“Nigerians keeping money at homes do not have legitimate sources for the money and they are damaging our economy,” Mr. AbdulGafar said.
Similarly, Tolulope Abe, a banker with the Guaranty Trust Bank, llorin, told NAN that keeping money at home is very risky, especially now that there is shortage of cash everywhere.
An economist, Dr Kunle Akinyemi , said it was unfortunate that the motive of keeping money at home , which was to have quick access to funds during an emergency, had been abused.
He accused some public officers of burying money from proceeds of crime at home.
Also, a popular Bureau de Change operator in Ado Ekiti, Shehu Ibrahim, said apart from economic sabotage, those who keep huge sums of money in their private homes are doing so at their own peril.
In Jos, North-Central, Larai Bokkos, a bank customer, said that she had always opted to keep her money at home to escape banks’ ever increasing charges.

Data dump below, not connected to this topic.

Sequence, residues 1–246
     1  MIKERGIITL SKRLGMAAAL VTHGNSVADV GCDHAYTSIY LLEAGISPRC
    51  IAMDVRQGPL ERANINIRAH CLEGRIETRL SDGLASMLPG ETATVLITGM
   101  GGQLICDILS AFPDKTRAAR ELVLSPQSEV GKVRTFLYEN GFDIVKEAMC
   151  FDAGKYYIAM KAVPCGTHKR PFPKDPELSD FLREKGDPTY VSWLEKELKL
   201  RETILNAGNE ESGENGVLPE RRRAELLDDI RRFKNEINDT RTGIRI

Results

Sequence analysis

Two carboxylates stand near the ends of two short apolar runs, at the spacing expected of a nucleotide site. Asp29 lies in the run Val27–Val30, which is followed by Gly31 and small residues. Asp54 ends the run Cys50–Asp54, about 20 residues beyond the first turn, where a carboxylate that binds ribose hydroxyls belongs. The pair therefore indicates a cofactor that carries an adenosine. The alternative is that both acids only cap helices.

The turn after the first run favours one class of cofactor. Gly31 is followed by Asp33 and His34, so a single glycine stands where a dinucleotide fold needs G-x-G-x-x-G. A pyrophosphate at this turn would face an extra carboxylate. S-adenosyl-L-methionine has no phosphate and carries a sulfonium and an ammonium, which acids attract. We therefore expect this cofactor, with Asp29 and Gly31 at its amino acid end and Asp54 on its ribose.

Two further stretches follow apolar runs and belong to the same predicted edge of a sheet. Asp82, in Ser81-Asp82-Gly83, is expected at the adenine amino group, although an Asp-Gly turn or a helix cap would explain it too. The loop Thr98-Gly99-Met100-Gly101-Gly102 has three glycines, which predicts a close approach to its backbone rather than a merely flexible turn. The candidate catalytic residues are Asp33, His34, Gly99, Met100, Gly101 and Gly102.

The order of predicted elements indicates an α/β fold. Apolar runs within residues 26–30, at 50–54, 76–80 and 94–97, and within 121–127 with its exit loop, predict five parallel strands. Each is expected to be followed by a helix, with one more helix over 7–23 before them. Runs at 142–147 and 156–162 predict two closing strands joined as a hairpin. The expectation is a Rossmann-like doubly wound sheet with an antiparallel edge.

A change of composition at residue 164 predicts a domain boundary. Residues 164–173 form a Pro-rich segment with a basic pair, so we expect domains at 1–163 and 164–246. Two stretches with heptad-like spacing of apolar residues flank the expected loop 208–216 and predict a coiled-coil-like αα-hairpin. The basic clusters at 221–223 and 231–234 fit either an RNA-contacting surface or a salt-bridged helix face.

“Besides, banking my money has become very insignificant because of dwindling interest rates,” she said.
She agreed that keeping money at home had an adverse effect on the economy because it reduces the banks’ ability to give loans, economic activities and lower the standard of living.
She advised the CBN to increase the interest rates on savings to woo more customers and encourage people to deposit their money in the bank.
She further advocated a reduction in banks’ charges on charges to minimise losses on the part of customers.
Similarly, in Nassawara State, Nicodemus Godswill and Bulus John, both economists, said the act affect the economy negatively and reduces the cash in circulation.
Mr. John attributed the emerging trend to fear of arrest.